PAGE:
Two or three miles from where I'm boondocked at the moment is the dam that creates Elephant Butte reservoir which is the body of water that you see in a lot of my pictures.
Now I've been to the dam several times and even posted a picture of it in my blog one of the times when I was here. But I've always driven on the high road that's on the same level as the top of the dam and that's where I took my pictures. But I decided to do something different and visit the bottom of the dam to get a different view.
About a half mile or so before you get to the dam there's a turnoff on to a low road that runs alongside the Rio Grande, and right to the bottom of the dam, where there's a parking area and a place to view the dam from the level of the river.
Now I've said all that just so I could get to what this post is really about. along the road that goes to the bottom of the dam there's a camping area, that I had noticed before but never paid any attention to, that's right on the Rio Grande. Most of the campsites are pull-through's, which removes some stress from my life, and each one has a shelter. I don't think there's any hookups or a dumpsite but I'm not sure.
The campground is run by some weird entity that has something to do with it once being a historic fish hatchery or something like that. There's a dozen or so campsites and while I was there I saw only one couple there and they were camping in a tent. There's no entrance gate, no daily fee, but they charge $10 a night for camping and you pay the iron Ranger.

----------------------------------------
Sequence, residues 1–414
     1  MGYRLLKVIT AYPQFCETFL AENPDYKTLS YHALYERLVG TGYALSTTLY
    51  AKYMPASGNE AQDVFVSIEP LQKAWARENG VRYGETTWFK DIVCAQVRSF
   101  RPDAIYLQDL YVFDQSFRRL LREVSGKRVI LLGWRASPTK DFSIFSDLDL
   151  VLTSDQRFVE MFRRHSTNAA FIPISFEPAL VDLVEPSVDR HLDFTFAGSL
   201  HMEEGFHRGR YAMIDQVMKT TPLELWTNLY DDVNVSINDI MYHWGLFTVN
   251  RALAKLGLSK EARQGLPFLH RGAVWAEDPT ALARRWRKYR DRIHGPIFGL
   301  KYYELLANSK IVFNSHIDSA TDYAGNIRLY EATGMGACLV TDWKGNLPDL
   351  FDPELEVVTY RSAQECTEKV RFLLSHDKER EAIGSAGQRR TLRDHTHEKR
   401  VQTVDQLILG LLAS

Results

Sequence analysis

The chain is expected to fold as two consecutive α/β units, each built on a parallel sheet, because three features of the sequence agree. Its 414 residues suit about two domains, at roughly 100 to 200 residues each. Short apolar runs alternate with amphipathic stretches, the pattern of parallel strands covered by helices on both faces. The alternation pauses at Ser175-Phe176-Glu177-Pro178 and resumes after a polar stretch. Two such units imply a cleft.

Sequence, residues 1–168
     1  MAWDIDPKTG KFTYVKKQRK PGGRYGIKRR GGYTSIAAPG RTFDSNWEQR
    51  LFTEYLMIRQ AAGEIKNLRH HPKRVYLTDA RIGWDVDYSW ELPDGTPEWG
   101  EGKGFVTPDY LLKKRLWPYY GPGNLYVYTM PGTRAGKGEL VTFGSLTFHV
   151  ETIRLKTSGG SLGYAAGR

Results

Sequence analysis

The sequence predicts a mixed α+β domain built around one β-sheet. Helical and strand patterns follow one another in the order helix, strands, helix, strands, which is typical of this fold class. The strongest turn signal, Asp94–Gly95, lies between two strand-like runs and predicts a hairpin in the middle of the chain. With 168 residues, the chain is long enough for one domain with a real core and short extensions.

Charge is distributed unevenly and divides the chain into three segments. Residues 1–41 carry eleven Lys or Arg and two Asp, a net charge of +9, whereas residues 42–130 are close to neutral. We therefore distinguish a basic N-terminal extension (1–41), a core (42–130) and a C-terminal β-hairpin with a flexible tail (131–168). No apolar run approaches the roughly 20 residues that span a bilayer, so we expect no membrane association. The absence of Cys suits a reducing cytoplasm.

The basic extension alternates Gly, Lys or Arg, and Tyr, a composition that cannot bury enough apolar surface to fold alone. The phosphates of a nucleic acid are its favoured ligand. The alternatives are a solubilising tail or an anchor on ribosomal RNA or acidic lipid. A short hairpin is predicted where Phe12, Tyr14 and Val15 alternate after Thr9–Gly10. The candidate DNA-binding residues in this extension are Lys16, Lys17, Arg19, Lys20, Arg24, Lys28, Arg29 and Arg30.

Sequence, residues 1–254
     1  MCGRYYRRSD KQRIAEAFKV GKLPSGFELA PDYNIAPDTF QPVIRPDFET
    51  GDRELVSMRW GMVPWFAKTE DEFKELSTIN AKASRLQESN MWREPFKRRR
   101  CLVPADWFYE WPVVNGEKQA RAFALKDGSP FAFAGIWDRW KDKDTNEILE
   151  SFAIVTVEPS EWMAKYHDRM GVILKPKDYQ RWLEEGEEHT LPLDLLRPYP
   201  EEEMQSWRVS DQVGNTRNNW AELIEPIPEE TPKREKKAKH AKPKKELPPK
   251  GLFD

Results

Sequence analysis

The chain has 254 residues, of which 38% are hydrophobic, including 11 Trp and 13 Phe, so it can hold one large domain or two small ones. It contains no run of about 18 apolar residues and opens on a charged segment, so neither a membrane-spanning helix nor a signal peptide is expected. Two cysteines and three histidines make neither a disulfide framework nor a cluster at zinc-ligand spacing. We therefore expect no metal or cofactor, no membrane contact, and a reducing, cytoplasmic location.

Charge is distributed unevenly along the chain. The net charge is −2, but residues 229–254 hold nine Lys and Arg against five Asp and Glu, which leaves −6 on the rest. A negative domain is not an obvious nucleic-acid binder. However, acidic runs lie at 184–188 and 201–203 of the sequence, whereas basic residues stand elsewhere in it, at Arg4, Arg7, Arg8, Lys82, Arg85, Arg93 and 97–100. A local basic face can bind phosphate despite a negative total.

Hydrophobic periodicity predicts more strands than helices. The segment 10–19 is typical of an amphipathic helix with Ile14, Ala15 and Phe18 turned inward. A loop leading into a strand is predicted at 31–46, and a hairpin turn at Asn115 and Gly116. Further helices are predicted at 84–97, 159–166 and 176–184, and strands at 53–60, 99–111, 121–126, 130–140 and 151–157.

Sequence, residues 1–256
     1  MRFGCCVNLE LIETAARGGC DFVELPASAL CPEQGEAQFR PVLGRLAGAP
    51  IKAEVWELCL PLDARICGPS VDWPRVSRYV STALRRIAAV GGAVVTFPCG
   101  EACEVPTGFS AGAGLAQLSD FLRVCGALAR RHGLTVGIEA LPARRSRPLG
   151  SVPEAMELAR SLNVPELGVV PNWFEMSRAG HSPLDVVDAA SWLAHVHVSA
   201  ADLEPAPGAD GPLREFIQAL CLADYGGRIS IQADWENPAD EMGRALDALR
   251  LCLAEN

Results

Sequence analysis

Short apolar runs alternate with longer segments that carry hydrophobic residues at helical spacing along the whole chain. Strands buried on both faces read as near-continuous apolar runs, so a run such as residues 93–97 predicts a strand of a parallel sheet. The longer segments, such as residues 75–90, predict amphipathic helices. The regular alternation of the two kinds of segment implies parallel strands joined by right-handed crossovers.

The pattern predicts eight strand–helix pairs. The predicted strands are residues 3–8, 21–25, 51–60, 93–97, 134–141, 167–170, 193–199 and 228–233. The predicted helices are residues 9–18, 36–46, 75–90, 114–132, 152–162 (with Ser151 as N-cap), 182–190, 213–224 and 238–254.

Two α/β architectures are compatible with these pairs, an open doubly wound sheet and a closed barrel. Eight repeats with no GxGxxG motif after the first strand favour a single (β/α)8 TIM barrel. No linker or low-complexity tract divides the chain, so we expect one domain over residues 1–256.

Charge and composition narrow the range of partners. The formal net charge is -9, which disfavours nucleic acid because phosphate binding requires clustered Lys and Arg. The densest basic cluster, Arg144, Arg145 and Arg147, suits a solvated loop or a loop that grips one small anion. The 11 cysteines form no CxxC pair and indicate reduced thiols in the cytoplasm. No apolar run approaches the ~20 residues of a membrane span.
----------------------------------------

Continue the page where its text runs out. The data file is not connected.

I stopped and took a couple of pictures of the campground and the river and for some reason I felt like I would enjoy spending a couple of nights there. I'm not sure why, the Rio Grande was hardly more than a trickle, and certainly not scenic or picturesque. But it's in a canyon, and the Rio Grande, such as it is, made it feel cooler down there than it is at Elephant Butte. So until I change my mind again I'm planning on spending the weekend there. I'll check the dam for cracks before I unhitch.
Some of the boondocking sites at the campground on the Rio Grande. Further down the road the sites are bigger with pull-through loops.
The mighty Rio Grande is not what it once was. Growing cities, irrigation, numerous dams, and droughts, have dried up the Rio Grande and made it unrecognizable as the great river it once was.